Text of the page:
The company's managers in Israel were frequently accused by their overseas colleagues of rigid, centralized management. Human resources management was transferred to Boston, and changed hands several times within a short period of time, which created uncertainty. When the flotation was cancelled, the atmosphere in the company also started to change. The company hemorrhaged workers, underwent a fundamental restructuring in 2019, and in the past two years has shed about 300 employees, 200 of whom were laid off when the coronavirus pandemic broke out in 2020, 50 in Herzliya and the rest in Boston and Singapore.

"Globes" has also learned that at the beginning of this year too, several dozen employees were laid off. Furthermore, at least 100 employees, among them workers in data systems, finance, and human resources, chose to leave. Almost all of those who left or were dismissed were hired elsewhere. Former Zerto employees are now effectively at work in other Israeli technology companies.

Employees who recently left Zerto voluntarily can exercise the options they have accumulated and benefit from the exit, as long as no more than three months have passed since they left.

"Not a unicorn CEO"

The poor atmosphere was also manifest in the low rating awarded to Zerto CEO Ziv Kedem on workplace review website Glassdoor, where he received a score of just 52%. The criticism mainly came from Zerto's overseas offices. For the sake of comparison, the CEO of rival Rubrik, Bipul Sinha, received a score of 85%, while Datto CEO Tim Weller scored 87%.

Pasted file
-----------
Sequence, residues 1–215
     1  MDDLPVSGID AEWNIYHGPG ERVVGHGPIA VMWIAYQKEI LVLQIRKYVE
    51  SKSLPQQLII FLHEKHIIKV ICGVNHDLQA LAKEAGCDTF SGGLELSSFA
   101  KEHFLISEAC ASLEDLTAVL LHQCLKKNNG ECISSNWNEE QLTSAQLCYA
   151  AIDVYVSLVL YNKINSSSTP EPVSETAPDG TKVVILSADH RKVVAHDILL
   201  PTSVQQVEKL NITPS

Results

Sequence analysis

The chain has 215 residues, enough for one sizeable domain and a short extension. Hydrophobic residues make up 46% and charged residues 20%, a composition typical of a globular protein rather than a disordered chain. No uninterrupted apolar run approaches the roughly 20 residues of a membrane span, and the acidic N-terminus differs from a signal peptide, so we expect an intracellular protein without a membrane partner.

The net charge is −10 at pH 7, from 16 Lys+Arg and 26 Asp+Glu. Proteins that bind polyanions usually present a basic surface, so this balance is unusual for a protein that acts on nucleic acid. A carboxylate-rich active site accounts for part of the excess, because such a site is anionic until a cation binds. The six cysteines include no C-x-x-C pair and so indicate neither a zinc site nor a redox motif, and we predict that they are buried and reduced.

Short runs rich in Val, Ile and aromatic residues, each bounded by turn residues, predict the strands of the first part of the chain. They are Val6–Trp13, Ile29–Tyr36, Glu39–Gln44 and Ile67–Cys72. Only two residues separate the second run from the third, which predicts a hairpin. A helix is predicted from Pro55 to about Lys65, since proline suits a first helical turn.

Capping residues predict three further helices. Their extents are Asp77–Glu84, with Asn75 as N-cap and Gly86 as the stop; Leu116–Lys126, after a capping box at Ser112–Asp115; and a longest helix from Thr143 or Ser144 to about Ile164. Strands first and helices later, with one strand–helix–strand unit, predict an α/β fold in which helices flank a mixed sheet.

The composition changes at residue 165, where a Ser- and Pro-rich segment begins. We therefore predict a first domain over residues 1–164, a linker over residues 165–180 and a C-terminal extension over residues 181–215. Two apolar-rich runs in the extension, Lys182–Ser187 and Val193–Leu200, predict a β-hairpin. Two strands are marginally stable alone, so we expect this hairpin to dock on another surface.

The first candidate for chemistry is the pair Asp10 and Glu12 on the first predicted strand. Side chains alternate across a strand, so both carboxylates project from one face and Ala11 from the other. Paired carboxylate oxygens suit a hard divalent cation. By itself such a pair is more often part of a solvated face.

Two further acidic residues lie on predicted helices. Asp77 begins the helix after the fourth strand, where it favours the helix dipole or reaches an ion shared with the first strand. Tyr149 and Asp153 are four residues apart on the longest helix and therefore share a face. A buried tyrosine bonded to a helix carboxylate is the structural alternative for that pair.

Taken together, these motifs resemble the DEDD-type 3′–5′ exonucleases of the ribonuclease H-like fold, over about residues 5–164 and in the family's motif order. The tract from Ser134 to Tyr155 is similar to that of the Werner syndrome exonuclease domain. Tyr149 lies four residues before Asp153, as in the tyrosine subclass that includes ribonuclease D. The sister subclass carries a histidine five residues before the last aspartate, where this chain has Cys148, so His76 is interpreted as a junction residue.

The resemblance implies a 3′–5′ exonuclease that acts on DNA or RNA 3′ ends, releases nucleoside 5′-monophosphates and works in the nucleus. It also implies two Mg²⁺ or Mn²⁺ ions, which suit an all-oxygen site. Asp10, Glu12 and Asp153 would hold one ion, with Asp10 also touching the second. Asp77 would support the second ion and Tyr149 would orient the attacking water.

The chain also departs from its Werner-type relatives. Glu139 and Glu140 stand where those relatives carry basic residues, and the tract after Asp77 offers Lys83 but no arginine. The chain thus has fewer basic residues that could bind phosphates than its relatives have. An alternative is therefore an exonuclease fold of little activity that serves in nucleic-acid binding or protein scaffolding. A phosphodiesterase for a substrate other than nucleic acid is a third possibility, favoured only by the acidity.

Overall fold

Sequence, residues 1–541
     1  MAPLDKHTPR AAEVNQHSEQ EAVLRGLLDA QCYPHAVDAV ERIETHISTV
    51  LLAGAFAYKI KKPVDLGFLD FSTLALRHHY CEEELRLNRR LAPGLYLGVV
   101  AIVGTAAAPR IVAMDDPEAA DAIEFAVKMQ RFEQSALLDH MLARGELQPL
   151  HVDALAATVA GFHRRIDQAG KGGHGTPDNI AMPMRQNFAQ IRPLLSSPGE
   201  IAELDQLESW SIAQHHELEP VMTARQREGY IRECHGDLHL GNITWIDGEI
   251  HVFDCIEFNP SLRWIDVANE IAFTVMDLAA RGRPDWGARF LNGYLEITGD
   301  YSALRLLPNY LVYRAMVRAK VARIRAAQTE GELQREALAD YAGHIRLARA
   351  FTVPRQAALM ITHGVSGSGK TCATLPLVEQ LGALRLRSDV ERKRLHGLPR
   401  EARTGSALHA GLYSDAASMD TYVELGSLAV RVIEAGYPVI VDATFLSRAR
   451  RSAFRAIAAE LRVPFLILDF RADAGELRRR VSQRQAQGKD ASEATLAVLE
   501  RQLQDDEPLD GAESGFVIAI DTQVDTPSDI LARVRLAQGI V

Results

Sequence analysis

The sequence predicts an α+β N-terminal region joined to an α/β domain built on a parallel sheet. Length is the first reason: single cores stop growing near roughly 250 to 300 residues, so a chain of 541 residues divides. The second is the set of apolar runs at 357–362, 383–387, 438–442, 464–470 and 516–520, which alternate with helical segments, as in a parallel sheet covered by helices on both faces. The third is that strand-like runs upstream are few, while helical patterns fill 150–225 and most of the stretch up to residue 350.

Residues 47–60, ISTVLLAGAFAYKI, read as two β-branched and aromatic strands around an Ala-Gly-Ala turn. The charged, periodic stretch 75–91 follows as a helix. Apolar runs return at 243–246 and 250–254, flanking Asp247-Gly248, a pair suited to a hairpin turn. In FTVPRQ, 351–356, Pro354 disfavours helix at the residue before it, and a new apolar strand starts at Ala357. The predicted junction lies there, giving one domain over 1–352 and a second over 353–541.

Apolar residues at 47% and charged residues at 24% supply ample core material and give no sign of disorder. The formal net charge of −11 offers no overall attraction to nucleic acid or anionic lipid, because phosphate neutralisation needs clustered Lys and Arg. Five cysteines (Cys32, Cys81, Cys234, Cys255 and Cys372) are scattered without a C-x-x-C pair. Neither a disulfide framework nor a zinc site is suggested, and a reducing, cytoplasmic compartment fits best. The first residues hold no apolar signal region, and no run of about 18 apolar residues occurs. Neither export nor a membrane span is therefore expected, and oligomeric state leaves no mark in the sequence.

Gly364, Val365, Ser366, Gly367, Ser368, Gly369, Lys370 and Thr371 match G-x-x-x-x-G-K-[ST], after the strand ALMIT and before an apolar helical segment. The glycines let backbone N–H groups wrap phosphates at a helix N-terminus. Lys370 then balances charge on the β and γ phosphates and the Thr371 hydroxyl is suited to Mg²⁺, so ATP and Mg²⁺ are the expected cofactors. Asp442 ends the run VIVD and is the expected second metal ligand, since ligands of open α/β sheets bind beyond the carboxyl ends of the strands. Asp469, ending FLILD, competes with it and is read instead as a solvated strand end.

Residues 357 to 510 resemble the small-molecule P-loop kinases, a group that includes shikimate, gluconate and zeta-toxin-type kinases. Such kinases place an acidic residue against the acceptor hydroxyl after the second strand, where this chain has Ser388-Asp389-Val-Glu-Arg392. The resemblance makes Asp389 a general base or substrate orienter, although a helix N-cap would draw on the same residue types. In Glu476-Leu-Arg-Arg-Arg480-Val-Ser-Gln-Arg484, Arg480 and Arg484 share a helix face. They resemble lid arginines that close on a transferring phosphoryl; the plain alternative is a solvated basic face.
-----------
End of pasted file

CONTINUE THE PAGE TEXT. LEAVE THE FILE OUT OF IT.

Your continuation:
People familiar with the company and its employees describe Kedem as an approachable person with a well-developed business sense, but with a management style different from that of the charismatic style of the CEOs in the companies that have recently attained unicorn status. "Kedem is a mensch who, at the start, built a good company, with stable foundations and a healthy enterprise culture, and he surrounded himself with good managers. But as the company grew, it became harder for him. To manage a large company you need leadership and character, and that wasn't there in sufficient quantity," people close to the CEO said. Nevertheless, they said, "Had the company succeeded, no-one would have talked about his management style. As soon as a company fails to carry out a flotation, people start focusing on these things as well."

Zerto stated in response: "HPE chose to buy Zerto thanks to its leading software platform for protecting data and for disaster recovery. The company expects to integrate Zerto into the HPE GreenLake Data Services Console to help its customers manage and protect their data from edge to cloud. Looking ahead, Zerto's team will form the anchor of HPE's new center of excellence in Israel."

Published by Globes, Israel business news - en.globes.co.il - on July 13, 2021

© Copyright of Globes Publisher Itonut (1983) Ltd. 2021

Zerto founders Ziv and Oded Kedem  credit: Eyal Izhar
Zerto founders Ziv and Oded Kedem credit: Eyal Izhar